Publications like Time and US News are WAY overpriced abroad. If people want to read them though, you have to pay double the price that’s paid at home despite all the profits they make off their advertisers.
If a company could set up a publishing house in countries where expatriates are of significant number, they could possibly publish all the main publications and books that are popular in the world in the local area and many people would be happy. For example, TIME magazine costs 6500 won vs. the cover price in the states being $2 or$3 is hard to swallow. The other option is to just look at it online, but there’s a lot of downtime on the trains, the buses, the subways, the airplanes and so it would be nice to have a hard copy format of these good or decent sources for news. The problem is that you have to take out a mortgage every time you want it. So, sometimes I just opt not to buy it. I’m oh so close each time…the other sad thing is they make most of their profits from the advertisers anyway…so why do they need to charge so much abroad?
Can’t remembered if I posted this because it’s a been a little rough on the brain the past few days with unpaid overtime and just a bit too much stress which I can’t explain today, but may a little later. Nevertheless, we set up this Cancer fund for a coworker of mine. Basically, what happened was a teacher I manage indirectly — I manage her boss and her best friend here in Korea is another manager I manage — well, she got breast cancer or was diagnosed as having such just a couple weeks out of the blue. She went up to Seoul immediately after to figure out what to do & Continue reading
So, in the middle of the country where it’s hard to find convenient transportation minus relatively expensive tax fare, I can find internet access anywhere. At the hotel yesterday we stayed at, there were 7 computer terminals with T1 or better access. Today, we just checked into a hotel where if you pay $10 more for a night, you get a room with a PC and internet access for free. Again, I’m thinking it’s T1 or better access…
Plus, before we found this place, we had a rough time finding where Continue reading
I have to admit, I’m a bit impressed..
Despite the crazy start to the holiday (in the last post), the hotel that we’re staying at is impressive. It’s not the main hotel here near the casino, but a little ways away. I think it’s managed by the same company, but haven’t checked into it. It would rival many 4 star hotels and some 5 star hotels that honestly shouldn’t be in that category. I would personally give it 4 stars because to be at 5 stars you can’t do anything wrong. Continue reading
Filed under Jobs, Korea life
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A minute before noon on my only day off during the week (I don’t know how I go crazy with just one day off, but its o.k. for now), I surf from writing my latest post here to my Mozilla browser to see that I set my home page that it loads to iGoogle.com — Google’s “all in one” starting page which currently I have a calendar, the news from the Seattle Times and the times of the day visually shown to me on a satellite picture of the globe — identifying the places that have sunshine and those that do not. Below my second middle column, I have a Top Stories widget which had a headline reading “Former Fed chair Greenspan criticizes Bush in book” which caught my attention.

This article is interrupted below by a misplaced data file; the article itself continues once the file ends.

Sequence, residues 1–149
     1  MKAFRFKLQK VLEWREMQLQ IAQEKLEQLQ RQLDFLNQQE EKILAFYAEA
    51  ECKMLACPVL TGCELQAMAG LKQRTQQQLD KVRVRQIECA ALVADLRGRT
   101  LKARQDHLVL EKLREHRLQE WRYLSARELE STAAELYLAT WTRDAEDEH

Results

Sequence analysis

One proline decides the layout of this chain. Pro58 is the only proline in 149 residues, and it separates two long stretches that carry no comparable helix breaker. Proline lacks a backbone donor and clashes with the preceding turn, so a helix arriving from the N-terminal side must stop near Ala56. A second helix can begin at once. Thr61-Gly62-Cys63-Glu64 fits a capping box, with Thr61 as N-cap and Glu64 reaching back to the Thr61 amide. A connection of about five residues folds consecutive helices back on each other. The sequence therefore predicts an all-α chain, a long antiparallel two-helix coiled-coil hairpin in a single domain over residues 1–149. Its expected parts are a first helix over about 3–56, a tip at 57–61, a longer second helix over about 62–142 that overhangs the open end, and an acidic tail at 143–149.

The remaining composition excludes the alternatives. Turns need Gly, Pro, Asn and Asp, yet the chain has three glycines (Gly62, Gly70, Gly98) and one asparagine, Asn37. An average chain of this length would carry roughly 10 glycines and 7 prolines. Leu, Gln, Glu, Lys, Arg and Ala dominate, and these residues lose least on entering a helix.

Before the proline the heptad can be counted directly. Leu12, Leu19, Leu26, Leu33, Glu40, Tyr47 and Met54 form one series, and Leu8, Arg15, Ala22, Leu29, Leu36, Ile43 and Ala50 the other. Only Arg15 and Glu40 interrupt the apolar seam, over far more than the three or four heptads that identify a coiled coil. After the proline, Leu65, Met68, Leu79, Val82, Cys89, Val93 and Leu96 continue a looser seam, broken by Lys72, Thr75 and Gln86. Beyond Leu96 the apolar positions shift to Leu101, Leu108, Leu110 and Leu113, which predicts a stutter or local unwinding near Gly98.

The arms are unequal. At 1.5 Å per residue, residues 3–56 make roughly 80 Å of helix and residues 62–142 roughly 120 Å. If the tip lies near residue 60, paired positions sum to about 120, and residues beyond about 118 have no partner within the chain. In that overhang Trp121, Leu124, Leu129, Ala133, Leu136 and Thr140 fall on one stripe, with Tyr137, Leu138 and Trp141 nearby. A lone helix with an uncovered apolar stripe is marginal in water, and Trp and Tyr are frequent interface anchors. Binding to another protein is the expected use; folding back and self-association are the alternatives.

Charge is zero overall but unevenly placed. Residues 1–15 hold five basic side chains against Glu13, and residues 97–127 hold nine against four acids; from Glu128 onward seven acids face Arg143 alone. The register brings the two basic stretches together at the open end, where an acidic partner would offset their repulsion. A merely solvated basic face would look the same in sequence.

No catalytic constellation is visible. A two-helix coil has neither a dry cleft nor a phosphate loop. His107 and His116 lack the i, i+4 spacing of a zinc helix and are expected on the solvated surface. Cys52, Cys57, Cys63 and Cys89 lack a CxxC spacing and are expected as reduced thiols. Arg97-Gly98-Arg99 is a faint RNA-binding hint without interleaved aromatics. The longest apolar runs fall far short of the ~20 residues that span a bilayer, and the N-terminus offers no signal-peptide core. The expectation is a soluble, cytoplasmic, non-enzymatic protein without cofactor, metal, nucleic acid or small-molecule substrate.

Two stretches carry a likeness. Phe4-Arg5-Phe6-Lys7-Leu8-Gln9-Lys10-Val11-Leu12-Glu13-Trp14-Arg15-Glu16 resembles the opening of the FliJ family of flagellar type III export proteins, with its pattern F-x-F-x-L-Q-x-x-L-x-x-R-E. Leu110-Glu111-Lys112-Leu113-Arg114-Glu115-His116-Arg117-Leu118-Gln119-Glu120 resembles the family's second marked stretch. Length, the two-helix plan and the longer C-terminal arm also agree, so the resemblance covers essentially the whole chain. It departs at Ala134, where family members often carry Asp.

I surf and read the story, but I can’t help to see the above picture with all the applicants wanting to be a stewardess. It’s not because I find them attractive, which many probably would, but it’s the fact that I remember acknowledging many times that many women in Asia want these positions thinking they are “well paid” positions that allow people to travel throughout the world. The young Asian women that complete college or many smart women want to become servants on the Boeing and Airbus ships in the air. It’s one of the prized occupations they think about after finishing college.
While I don’t know the exact statistics in the states, but I find that American stewardesses rarely are the young and talented, but usually the old and bored. Many are men and the demographic profile differs extremely. It’s fascinating to me, at least how these women find asking “Would you like a drink” or “Would like Beef or Chicken?” as a prized occupation. I know of many of their loves to travel, but how about doing it as a consultant where you get paid more and don’t serve others as simply? Just a random thought from Korea…
p.s. The picture is about Chinese applicants, but the same dynamics lie here in Korea.